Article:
Shares of embattled U.S. truck and engine maker Navistar International Corp. rose as much as 10% on Monday (Aug. 6) after U.S. regulators submitted a final rule on whether to allow the company to continue to pay fines to allow it to sell engines that do not meet U.S. emissions standards.

Reuters reported that the U.S. Environmental Protection Agency (EPA) on Saturday filed its final ruling on a legal mechanism that allows the company to continue to sell heavy-duty diesel engines that do not meet current U.S. emissions standards by paying fines. In a filing on a U.S. General Services Administration website, the EPA declared that it had filed its rule for review but did not disclose details of the final ruling.

“Navistar is encouraged by the submittal of the final rule to (the Office of Management and Budget) and we hope that it generally mirrors what was in the interim rule,” said Navistar spokeswoman Karen Denning.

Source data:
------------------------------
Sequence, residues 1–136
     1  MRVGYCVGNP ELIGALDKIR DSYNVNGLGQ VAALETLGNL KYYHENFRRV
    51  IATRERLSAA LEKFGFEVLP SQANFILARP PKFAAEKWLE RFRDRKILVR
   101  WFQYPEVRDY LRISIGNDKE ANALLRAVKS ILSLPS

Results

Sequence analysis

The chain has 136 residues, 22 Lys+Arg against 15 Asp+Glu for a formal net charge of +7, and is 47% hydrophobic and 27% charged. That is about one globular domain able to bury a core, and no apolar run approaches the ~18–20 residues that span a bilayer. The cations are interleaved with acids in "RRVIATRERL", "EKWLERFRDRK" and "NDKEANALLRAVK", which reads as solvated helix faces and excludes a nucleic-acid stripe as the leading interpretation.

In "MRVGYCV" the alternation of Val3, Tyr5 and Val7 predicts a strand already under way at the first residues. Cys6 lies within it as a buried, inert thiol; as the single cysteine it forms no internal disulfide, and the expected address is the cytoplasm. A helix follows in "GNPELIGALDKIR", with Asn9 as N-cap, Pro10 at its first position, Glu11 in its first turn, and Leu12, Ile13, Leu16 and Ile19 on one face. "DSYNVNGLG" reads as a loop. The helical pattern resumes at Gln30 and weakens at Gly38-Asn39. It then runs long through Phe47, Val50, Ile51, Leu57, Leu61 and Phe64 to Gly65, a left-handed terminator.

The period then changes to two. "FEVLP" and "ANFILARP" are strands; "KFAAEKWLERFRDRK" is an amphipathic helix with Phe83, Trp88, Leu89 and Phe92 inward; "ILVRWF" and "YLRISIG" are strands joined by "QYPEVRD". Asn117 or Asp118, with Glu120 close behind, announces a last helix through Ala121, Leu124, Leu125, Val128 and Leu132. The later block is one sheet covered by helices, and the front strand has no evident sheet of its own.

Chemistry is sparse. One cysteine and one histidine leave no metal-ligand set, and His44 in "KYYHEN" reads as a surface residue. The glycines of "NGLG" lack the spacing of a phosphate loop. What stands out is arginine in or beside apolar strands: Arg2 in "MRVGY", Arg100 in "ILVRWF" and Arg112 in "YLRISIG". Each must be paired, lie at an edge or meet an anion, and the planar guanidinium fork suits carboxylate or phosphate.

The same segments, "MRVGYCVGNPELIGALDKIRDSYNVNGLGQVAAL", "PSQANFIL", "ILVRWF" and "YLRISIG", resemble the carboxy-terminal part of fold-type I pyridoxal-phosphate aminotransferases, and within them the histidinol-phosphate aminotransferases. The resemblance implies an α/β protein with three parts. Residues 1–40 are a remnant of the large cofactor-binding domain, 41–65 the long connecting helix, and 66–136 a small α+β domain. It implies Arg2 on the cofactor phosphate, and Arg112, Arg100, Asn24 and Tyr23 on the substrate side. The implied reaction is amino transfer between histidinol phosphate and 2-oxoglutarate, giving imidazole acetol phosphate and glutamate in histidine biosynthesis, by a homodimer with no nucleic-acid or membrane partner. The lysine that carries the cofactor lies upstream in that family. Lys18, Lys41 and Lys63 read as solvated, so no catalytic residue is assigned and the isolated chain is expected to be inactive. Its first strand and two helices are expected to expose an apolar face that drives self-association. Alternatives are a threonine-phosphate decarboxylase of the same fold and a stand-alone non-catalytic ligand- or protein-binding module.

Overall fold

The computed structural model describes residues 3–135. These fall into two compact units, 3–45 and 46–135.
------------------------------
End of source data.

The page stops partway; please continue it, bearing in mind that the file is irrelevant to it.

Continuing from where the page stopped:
The interim rule had allowed the company to pay “non-conformance penalties” when it sold engines that did not meet regulatory standards, a move that hurt its profit margins but kept its sales up.

According to Reuters, Navistar shares rose $1.92 to $24.31 on the New York Stock Exchange, after earlier climbing as high as $24.77.

Robert Wertheimer, an analyst at Vertical Research Partners who covers the company, said investors had been concerned about the ruling.

“That’s one of the big risks overhanging the stock,” Wertheimer said, adding that until the EPA discloses what the final ruling is “I can’t see that it’s a positive or a negative.”

An EPA spokeswoman did not immediately respond to a request for comment.

The Lisle, Illinois-based company last week told some 3,400 salaried workers that it would consider layoffs as a way of lowering its expenses, Denning also said.

Navistar shares have lost about 41% of their value this year as the company has failed to win EPA approval for a new generation of diesel engines before this month changing course and saying it would work with Cummins Inc. to adopt a more mainstream technology.